About one minute into guitarist Kurt Rosenwinkel’s performance Friday night at the SFJAZZ Center’s Joe Henderson Lab I remembered all over again why I love second sets so much. As Italian electric bassist Dario Deidda introduced a post-bop anthem and Rosenwinkel and drummer Mark Whitfield Jr. sprang into the arpeggiated theme, they evoked the distinct sensation of walking into the middle of an impassioned conversation.
Technically it was the evening’s late show, as the JHL tends to offer two, concise 60-minute performances a night with separate admissions. But with their headlong energy the musicians hit the stage with raring-to-go, second set intensity, playing with the kind of focus and cohesion that rewards music fans who don’t mind staying out past 9 p.m.
Among the most influential guitarists of his generation, the 48-year-old Rosenwinkel doesn’t make it out to the West Coast often. For the past 12 years he’s been based in Germany, where he holds down a full-time teaching position at the Jazz Institute Berlin.
Known as a composer who combines ethereal melodies with a harmonic vocabulary inspired by maestros of mystery Wayne Shorter and Joe Henderson, Rosenwinkel has spent much of his time collaborating with their leading heirs, particularly tenor saxophonists Mark Turner and Joshua Redman (both former members of the SFJAZZ Collective).
His JHL engagement offered a very different view of the guitarist. Rather than focusing on his original compositions, he’s touring with his Standards Trio, an ensemble with a treasure-laden repertoire featuring American Songbook standards and canonical jazz tunes by the likes of Joe Henderson, Thelonious Monk, and Horace Silver.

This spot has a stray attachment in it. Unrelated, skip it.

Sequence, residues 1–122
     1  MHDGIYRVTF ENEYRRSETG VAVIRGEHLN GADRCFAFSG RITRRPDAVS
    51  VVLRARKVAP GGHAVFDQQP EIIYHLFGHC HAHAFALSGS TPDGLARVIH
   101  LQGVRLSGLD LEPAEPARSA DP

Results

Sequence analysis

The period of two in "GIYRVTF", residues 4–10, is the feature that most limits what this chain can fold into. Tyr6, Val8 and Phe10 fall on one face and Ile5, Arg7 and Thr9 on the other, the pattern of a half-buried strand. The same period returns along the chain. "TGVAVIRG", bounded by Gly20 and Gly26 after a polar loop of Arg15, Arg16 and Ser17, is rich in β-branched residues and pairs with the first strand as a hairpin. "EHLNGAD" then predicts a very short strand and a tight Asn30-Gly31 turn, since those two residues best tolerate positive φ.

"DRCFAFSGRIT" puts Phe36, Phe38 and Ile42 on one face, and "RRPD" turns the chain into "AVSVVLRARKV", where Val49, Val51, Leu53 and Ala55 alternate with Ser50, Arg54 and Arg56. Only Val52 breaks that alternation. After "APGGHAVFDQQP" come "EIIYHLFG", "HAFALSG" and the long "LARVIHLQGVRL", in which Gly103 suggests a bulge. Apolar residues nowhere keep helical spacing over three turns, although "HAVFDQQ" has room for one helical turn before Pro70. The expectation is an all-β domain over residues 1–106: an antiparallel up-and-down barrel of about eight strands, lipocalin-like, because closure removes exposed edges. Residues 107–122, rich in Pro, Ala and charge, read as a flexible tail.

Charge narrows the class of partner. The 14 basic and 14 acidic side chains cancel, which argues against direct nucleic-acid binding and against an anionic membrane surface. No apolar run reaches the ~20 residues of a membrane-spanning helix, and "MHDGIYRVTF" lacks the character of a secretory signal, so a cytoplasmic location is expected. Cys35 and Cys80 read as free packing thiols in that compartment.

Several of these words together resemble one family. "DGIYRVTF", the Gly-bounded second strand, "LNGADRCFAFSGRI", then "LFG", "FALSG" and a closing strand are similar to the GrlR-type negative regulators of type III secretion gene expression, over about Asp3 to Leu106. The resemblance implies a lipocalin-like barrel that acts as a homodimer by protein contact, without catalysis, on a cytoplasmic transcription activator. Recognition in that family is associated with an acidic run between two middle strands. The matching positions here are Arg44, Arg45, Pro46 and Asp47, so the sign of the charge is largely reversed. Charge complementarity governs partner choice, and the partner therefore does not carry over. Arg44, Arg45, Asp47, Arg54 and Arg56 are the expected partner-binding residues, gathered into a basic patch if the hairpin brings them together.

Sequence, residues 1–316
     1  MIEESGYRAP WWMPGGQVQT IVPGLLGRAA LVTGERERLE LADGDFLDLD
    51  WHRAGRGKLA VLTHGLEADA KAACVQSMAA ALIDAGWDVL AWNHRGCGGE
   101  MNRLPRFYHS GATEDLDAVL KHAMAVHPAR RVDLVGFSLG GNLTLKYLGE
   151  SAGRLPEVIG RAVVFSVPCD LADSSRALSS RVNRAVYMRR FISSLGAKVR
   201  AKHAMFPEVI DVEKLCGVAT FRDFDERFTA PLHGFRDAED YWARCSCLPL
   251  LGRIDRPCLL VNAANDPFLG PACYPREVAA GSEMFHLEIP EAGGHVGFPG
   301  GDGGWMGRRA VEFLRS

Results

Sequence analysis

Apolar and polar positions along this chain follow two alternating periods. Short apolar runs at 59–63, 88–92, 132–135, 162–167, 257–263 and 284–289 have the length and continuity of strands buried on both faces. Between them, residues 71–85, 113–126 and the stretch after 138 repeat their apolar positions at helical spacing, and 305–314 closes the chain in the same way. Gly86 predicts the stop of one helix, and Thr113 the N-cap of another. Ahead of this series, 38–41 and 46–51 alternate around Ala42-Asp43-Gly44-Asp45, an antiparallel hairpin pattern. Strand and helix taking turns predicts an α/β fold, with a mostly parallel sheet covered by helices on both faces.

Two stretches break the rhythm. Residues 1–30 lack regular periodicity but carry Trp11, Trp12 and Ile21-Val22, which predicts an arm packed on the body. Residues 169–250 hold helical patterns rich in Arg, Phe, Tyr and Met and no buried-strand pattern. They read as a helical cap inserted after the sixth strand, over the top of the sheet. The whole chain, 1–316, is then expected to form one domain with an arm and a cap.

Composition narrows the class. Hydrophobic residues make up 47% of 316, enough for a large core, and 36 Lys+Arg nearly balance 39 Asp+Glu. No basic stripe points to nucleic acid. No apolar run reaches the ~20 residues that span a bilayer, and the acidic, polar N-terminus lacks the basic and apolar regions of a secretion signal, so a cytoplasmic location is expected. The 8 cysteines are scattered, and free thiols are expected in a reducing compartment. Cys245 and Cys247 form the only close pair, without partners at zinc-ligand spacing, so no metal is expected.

Rosenwinkel possesses a bright, quicksilver tone that he pours into songs, often doubling his guitar line with a harmonized vocal hum. On the set’s centerpiece, an effectively reharmonized arrangement of “You’ve Changed,” the trio maintained the melody’s form while bending it in all kinds of new shapes.
The set’s high point was an extended version of Silver’s classic “Nica’s Dream,” taken at a brisk tempo. Digging into the Latin feel of the opening section, the trio highlighted the contrasting rhythmic feel of the different sections, adding a dose of drama to an already arresting piece.
The revelation of the evening was Whitfield, a highly melodic drummer who never played a cliched pattern. Given that he’s the son of esteemed jazz guitarist Mark Whitfield and nephew of ace jazz drummer Troy Davis, he didn’t come out of nowhere. But his control of dynamics, appealing textural palette and relaxed but coiled feel evidenced musical wisdom well beyond his 28 years.
Rosenwinkel seemed to revel in the conversational give and take with Whitfield and Deidda, which made the trio’s performance anything but standard.